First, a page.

- I was born, and had lived my whole life in Zamalek, a lovely residential island in the middle of Cairo, Egypt. It has beautiful old somewhat narrow streets with large trees turning them into shaded havens in the scorching heat of summer, and into a heavenly passage of beautifully coloured flowers in spring and autumn.
The Western side of the island is more congested with residents and has the commercial part, full of shops and little boutiques. The eastern part has the old prestigious Gezira Sporting Club which covers acres of land and which is the breathing spot of the little island of Zamalek.
The island is accessed through five bridges and after a long and very vicious fight has succumbed to having the underground run through it. It houses many embassies and ambassador residences, some schools and higher education institutes. This makes it, and its narrow streets, a traffic nightmare at peak hours. But it has still retained its atmosphere of a village trying to emulate a city style.
On the west side of the island and along the Nile are several boats that have become some of the most prestigious and famous restaurants in Cairo. Every six months when my best friend comes for her bi-annual visits from Canada, we go for lunch at one of those restaurants every week during her stay. She too has been a Zamalek resident since childhood, and we both went to the same school … in Zamalek!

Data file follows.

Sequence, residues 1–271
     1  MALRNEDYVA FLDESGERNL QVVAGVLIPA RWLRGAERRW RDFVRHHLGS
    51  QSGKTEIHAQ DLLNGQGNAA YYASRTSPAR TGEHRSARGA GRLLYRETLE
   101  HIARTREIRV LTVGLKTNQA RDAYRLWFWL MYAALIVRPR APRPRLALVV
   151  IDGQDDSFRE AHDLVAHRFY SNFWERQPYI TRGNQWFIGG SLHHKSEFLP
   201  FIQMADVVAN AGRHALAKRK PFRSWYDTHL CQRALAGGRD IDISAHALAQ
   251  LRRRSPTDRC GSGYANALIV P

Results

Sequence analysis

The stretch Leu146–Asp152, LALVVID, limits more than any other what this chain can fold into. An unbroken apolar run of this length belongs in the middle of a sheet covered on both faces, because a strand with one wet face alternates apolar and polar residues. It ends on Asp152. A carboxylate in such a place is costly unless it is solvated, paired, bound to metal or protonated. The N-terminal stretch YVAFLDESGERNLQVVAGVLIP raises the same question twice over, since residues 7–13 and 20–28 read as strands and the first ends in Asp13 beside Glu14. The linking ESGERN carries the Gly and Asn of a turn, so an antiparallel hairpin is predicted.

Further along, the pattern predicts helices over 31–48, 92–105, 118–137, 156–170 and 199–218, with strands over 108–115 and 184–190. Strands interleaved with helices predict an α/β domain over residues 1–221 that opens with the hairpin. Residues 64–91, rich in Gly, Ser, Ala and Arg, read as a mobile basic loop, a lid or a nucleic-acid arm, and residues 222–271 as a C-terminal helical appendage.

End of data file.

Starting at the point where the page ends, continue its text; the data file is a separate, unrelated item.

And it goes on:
During her last visit, and on the way back from lunch, turning round one corner to get to her house, we were both surprised by an unprecedented sight! There, on the pavement, somewhat hidden behind the parked cars, and standing under the shade of a huge tree, stood a very large very dark water buffalo! It took us a couple of seconds to realise that it was a statue, then we both burst out laughing. I made a full circle around the block and returned to the same spot, double parked the car and went and took a few shots of it. It is a real traffic stopper!
Zamalek has changed a great deal since my childhood when the full clan of my cousins, my brother and I used to have lunch at my grandmother’s house then took our bicycles and played hide-and-seek all over Zamalek! Yet to me, it still evokes that feeling of nostalgia, a return to my childhood cocoon, where life was innocent, safe and happy.
Zamalek will always be synonymous with my childhood.